In 1894, she met her future husband, Pierre, and the two formed one of the most successful scientific duos in history. Their collaboration was unbelievably prolific. For instance, in 1898, the pair announced their discovery of two new elements, radium and polonium (which was actually named by Marie in honour of Poland).

Their work was very much appreciated: Curie was the first female receiver of the Nobel Prize and the first person to receive it for two categories. She, alongside her husband and scientist Mr. Becquerel, won the Nobel Prize in Physics for their research into radioactivity in 1903. Her second Nobel Prize was in Chemistry for isolating pure radium in 1911.

A few years later, she also helped develop the first x-ray machines. When her husband died, she did not stop working and actually took over his teaching post. She was actually the first female professor at the Sorbonne. Sadly, her long years of work with radioactive elements affected her health negatively and caused her death in 1934. Her life was not long, but it was truly inspirational. If you want to know her story in more detail, consider reading Obsessive Genius: The Inner World of Marie Curie by Barbara Goldsmith or Madame Curie: A Biography by Eve Curie.

Coco Chanel

Coco Chanel by Wikimedia Commons
Coco Chanel by Wikimedia Commons

Everybody who is at least a little bit interested in fashion and really everyone who does not ignore the world around them certainly knows the name Coco Chanel. Gabrielle Bonheur Chanel was born in 1883 in Saumur, France, and her revolutionary ideas helped to change 20th century fashion. Coco, a name that she adopted during a brief career as a cafe and concert singer, opened her first shop in Paris in 1912, and that is where her extremely successful career began.

Comfort and relaxation were her main slogans when creating fashionable pieces for ladies. Her clothing style was in a huge contrast with the corset fashions popular at that period. In 1922, Chanel No. 5 was born. Coco introduced her signature cardigan jacket in 1925, and a year later, her signature “little black dress” was introduced. When Coco Chanel died in 1971, her company remained strong and even after decades, its products do not seem to be going out of fashion. The fact that TIME magazine listed Chanel as one of the top 100 influential people of the century speaks for itself: she will never go out of fashion. Obviously, there is a umber of books devoted to this lady, including Coco Chanel: The Legend and the Life by Justine Picardie and Coco Chanel: An Intimate Life by Lisa Chaney.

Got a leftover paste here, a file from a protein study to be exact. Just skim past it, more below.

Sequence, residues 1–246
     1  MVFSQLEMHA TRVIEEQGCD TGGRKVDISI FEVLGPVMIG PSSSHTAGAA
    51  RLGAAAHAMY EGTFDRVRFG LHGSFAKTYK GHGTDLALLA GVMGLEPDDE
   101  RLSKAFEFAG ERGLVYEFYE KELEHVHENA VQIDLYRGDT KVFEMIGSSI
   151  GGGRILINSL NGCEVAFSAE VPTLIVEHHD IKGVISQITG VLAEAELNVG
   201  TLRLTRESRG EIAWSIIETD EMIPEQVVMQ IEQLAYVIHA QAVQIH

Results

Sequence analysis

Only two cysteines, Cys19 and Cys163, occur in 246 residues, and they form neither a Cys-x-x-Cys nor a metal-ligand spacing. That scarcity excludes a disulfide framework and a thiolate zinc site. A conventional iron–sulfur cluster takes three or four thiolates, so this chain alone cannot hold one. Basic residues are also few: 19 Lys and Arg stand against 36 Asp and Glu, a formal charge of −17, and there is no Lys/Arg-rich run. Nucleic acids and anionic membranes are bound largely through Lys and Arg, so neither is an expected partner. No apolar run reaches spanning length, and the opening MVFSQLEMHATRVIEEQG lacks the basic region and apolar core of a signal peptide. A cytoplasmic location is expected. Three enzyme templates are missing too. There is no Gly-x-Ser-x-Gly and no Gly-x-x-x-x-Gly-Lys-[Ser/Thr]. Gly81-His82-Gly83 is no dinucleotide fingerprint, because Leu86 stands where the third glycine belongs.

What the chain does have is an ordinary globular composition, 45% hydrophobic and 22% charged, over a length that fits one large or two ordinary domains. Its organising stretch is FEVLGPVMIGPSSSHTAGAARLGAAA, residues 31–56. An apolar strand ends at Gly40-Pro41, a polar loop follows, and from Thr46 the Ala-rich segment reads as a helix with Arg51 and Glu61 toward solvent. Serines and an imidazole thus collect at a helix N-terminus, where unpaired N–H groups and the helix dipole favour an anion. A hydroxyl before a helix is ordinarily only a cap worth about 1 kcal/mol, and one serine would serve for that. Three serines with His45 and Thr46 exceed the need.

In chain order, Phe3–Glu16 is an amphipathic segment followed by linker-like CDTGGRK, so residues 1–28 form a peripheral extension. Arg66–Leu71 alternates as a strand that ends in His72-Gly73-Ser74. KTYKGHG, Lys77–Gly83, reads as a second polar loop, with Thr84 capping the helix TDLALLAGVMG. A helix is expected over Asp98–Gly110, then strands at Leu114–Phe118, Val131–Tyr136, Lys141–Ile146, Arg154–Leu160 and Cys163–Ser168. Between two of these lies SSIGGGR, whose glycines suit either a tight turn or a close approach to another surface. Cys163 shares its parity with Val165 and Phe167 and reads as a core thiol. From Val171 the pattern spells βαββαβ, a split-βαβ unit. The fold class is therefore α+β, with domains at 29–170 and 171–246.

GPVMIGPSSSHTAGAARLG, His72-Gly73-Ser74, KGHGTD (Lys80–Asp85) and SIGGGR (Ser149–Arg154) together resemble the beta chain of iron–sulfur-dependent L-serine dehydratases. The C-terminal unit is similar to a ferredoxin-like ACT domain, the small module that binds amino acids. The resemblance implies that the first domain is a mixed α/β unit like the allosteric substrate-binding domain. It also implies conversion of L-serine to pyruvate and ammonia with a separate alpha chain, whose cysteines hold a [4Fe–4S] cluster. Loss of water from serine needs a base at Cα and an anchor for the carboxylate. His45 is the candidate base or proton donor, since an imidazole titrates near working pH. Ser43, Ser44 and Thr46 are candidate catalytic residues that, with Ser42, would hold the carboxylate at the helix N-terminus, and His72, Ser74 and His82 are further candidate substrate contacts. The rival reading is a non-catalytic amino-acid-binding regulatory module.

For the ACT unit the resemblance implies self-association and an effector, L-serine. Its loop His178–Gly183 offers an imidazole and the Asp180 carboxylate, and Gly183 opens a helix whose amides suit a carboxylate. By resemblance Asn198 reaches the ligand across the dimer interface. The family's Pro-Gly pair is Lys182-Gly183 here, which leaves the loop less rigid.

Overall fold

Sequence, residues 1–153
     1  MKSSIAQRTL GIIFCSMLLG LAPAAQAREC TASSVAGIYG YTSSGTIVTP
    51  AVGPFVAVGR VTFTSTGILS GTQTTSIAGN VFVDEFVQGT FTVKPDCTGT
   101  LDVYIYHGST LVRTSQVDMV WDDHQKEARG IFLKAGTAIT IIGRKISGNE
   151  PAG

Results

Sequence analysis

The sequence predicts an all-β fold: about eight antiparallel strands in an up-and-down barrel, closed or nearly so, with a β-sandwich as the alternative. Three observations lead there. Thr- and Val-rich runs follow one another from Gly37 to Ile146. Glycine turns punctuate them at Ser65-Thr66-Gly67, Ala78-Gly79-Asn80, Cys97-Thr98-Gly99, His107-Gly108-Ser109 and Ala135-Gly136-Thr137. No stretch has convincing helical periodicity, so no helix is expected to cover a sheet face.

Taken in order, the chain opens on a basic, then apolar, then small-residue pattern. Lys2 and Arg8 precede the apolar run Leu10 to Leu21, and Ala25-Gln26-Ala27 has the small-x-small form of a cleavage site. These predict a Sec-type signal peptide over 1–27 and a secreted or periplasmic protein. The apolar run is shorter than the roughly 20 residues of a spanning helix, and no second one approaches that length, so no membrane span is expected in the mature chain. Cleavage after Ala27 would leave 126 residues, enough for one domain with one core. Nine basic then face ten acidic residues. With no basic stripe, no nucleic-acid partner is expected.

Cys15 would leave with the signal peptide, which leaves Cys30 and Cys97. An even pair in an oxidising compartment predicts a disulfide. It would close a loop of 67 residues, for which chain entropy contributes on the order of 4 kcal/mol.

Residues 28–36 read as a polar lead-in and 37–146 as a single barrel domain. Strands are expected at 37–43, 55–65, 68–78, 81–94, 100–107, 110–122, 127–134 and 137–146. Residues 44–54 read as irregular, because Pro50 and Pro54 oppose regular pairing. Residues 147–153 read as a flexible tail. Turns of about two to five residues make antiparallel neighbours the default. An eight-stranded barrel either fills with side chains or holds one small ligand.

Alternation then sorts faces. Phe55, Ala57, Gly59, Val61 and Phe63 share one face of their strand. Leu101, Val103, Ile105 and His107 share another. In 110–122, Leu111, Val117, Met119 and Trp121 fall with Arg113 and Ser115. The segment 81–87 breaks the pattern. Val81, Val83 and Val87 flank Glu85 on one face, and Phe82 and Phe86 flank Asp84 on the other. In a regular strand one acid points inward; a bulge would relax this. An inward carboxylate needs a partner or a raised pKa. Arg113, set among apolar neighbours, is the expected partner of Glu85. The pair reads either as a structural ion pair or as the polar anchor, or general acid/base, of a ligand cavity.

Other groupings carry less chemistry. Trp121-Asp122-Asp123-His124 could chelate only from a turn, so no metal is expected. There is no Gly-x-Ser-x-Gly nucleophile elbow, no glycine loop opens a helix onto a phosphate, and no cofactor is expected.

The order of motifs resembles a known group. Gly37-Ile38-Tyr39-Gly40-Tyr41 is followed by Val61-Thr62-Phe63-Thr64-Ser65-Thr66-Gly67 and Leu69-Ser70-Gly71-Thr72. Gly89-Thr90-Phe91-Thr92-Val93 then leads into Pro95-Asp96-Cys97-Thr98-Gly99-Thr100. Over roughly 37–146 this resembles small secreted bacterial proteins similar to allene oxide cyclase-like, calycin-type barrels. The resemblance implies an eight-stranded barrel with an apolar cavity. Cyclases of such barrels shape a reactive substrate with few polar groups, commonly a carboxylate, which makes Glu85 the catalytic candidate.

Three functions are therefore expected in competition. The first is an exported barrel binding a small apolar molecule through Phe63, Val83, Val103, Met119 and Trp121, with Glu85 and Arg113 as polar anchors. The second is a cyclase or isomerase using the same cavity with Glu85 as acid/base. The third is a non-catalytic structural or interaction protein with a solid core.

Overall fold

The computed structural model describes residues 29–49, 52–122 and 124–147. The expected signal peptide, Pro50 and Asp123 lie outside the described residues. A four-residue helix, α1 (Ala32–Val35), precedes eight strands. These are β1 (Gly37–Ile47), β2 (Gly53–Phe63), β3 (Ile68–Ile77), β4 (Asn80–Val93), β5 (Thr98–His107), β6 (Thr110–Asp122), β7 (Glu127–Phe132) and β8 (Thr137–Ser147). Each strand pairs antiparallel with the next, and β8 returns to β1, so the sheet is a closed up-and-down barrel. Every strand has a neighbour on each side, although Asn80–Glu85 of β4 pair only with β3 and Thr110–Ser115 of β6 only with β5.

Queen Elizabeth II

Queen Elizabeth II by Wikimedia Commons
Queen Elizabeth II by Wikimedia Commons

Her Majesty celebrates her 60th jubilee on the throne this year, which makes her the second longest reigning monarch after Queen Victoria. After so many years, it’s very hard for many of us to imagine any other head of state. Elizabeth was born in 1926 in London. At that time, she was actually not supposed to become Queen. The abdication of her uncle David made her father George VI, and she was suddenly the heiress to the throne.

As a young girl, Princess Elizabeth bravely joined the war effort, training as a driver in the Women’s Auxiliary Territorial Service. At the age of 21, she married her distant cousin, the then Prince of Greece and now the Duke of Edinburgh, Prince Philip. The pair has four children, three sons a one daughter. When Elizabeth and Philip were in Kenya in 1952, they heard the sad news of King George VI passing. The couple returned to England immediately; Princess Elizabeth became Queen Elizabeth II and was crowned at Westminster Abbey in June 1953.

In spite of various scandals that have been surrounding the Royal family, Her Majesty seems to be doing very well even in public opinion polls, and she deserves it. She has dedicated her life to public service, and for sixty years, she has been a marvellous leader of Canada, respected and admired everywhere she goes. She is a very strong woman who is trying to modernize the monarchy and as she is so sensitive to the public, and she has been doing that exceptionally well. If you would like to learn more about our monarch, you will certainly enjoy reading Elizabeth the Queen: The Life of a Modern Monarch by Sally Bedell Smith, The Real Elizabeth: An Intimate Portrait of Queen Elizabeth II by Andrew Marr, or the soon-to-be-released Sixty Glorious Years: Our Queen Elizabeth II – Diamond Jubilee 1952-2012 by Victoria Murphy.

Agnes Campbell Macphail

Agnes Macphail by Library and Archives Canada
Agnes Macphail by Library and Archives Canada